The internal newsletters also suggested misleading sales presentations. One suggested using a "simple" comparison of the Term Trusts with CDs, omitting any discussion of the differences between the Term Trusts and CDs or of the additional risks associated with the Term Trusts. The proposed sales presentation suggested that the Term Trusts were suitable for retirees for whom "safety" was a "major concern." Another newsletter suggested a sales approach for investors who "don't want the volatility associated with interest rate moves." Dean Witter’s marketing effort for the Term Trusts also included high-pressure sales efforts at the regional and branch levels, including the use of sales contests and sales quotas. Dean Witter brokers also received higher commissions for the sale of the proprietary Term Trusts than for non-proprietary products.
The complaint also charges that Dean Witter sold a significant percentage of the Trusts to elderly customers seeking income as their primary investment objective. Over $500 million of the Trusts were sold to investors 70 years of age and older.
The complaint charges Dean Witter with violations of the NASD’s antifraud, suitability, and supervisory rules, and with violations of its rule requiring that members adhere to high standards of commercial honor and just and equitable principles of trade.
The Term Trusts were sold by Dean Witter in three separate offerings from October 1992 to November 1993.
Kemp, President of Dean Witter Distributors and Director of Sales for Dean Witter InterCapital, was charged with overseeing and approving roadshow presentations for the Term Trusts that misleadingly portrayed the Trusts as safe, low-risk investments that should be sold to investors looking for certificate of deposit equivalents.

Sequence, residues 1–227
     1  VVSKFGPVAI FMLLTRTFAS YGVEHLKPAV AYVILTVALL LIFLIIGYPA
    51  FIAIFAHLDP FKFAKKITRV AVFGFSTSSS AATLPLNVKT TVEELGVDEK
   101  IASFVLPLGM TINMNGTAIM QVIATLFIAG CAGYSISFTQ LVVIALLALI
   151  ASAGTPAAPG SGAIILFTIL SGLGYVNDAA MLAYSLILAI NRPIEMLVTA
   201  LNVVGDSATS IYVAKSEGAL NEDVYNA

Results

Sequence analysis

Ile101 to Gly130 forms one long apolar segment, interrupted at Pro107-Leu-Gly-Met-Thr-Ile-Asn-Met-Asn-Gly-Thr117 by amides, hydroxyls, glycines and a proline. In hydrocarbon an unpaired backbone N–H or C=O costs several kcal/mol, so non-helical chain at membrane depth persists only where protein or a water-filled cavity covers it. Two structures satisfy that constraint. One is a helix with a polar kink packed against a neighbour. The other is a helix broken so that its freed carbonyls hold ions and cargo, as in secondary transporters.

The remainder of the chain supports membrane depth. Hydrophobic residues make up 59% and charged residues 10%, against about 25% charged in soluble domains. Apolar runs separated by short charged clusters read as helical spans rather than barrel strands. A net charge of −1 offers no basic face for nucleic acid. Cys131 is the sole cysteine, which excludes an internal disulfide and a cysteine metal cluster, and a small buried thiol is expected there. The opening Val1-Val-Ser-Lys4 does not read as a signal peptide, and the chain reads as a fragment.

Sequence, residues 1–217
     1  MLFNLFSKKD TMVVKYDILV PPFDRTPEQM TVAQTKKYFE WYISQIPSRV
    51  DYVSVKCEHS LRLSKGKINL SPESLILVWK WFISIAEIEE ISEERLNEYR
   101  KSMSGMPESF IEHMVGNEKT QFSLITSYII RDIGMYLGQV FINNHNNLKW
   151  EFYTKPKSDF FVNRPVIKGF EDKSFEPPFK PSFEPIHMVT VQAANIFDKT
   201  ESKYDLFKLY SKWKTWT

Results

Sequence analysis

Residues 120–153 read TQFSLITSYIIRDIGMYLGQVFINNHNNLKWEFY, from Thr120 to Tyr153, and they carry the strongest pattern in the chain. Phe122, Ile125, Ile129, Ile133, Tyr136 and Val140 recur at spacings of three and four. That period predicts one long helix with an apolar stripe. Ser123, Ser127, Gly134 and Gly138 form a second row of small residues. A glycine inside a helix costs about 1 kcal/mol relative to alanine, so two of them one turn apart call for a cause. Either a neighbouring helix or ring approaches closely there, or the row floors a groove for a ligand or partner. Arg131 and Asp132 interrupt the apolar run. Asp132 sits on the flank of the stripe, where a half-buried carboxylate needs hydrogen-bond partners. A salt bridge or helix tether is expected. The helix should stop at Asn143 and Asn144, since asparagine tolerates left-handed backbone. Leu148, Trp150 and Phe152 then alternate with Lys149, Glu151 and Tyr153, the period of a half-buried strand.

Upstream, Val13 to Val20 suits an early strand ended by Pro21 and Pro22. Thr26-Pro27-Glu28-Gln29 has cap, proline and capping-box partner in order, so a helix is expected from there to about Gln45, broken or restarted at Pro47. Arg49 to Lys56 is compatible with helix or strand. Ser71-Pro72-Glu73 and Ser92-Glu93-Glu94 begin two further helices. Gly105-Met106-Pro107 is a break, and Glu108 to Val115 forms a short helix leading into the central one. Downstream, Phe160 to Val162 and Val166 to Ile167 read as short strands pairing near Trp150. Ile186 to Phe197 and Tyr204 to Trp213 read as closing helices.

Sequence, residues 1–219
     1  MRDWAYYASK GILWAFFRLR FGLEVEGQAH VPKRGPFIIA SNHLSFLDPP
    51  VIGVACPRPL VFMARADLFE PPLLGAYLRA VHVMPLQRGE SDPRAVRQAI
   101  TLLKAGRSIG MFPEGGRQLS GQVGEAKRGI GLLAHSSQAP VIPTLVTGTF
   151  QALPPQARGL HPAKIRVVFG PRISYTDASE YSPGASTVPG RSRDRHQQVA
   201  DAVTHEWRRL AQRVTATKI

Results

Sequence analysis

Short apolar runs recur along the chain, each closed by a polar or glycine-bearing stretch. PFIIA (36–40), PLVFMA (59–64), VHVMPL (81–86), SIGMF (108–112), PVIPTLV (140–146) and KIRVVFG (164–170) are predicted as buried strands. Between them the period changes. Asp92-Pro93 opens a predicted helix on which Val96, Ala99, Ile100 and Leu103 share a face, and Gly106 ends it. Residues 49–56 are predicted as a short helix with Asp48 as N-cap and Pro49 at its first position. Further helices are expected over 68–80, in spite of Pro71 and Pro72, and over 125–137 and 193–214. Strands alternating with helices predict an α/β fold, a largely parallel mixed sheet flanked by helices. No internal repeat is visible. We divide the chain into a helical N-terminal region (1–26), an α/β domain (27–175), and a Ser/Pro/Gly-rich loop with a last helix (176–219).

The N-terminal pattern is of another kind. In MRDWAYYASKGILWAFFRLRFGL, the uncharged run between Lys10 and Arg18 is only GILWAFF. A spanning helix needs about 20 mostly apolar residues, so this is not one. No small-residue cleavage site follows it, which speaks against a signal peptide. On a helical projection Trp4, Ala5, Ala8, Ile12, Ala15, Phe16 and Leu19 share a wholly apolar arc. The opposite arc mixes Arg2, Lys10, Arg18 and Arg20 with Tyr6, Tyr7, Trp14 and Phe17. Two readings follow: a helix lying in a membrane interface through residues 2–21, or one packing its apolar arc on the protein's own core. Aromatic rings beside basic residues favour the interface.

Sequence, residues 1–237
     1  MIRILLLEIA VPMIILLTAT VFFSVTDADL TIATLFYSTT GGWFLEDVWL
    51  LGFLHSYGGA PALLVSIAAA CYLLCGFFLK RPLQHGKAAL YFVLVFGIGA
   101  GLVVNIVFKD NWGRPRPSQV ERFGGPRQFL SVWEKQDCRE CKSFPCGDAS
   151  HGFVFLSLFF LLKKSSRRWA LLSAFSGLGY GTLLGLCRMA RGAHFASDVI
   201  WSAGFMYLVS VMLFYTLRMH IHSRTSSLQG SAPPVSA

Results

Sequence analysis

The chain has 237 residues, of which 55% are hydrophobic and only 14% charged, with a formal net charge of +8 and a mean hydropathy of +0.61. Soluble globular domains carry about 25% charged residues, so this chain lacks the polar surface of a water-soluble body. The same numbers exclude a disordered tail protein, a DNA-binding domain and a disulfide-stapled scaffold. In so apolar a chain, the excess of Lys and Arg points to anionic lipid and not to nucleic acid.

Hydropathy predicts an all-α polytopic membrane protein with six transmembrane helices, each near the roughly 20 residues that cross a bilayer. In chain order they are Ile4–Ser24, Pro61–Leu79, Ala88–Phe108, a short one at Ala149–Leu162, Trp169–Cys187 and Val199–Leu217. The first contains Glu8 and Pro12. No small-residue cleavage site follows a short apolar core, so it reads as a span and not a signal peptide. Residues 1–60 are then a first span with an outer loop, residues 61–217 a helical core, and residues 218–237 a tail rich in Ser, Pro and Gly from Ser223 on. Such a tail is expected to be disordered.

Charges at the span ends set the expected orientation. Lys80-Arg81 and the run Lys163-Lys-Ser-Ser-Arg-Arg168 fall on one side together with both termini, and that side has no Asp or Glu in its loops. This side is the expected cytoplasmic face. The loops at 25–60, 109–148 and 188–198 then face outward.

Solari, the former Regional Director for Dean Witter’s Northeast Region, a region containing approximately 45 branches and 1,000 salesmen, was charged with sending sales memoranda to numerous Dean Witter branch managers that encouraged improper sales of the Term Trusts through misleading sales presentations.
Both Kemp and Solari were charged with violations of the NASD rule requiring that members adhere to high standards of commercial honor and just and equitable principles of trade.
NASD Regulation wishes to acknowledge the assistance provided in this matter by the New York State Attorney General’s Office.
The issuance of a disciplinary complaint represents the initiation of a formal proceeding by the Association in which findings as to the allegations in the complaint have not been made and does not represent a decision as to any of the allegations contained in the complaint. Because this complaint is unadjudicated, the respondents should be contacted before drawing any conclusion regarding the allegations in the complaint.
Under NASD Regulation rules, the individuals and the firms named in the complaint can file a response and request a hearing before an NASD Regulation disciplinary panel. Possible sanctions include a fine, restitution, disgorgement, suspension, bar, or expulsion from the NASD.
Investors can obtain more information and the disciplinary record of any NASD-registered broker or brokerage firm by calling (800) 289-9999, or by sending an e-mail through NASD Regulation’s Web site, www.nasdr.com.
NASD Regulation oversees all U.S. stockbrokers and brokerage firms. NASD Regulation, The American Stock Exchange®, NASD Dispute Resolution, Inc. and The Nasdaq Stock Market, Inc.®, are all subsidiaries of the National Association of Securities Dealers, Inc., the largest securities-industry self-regulatory organization in the United States.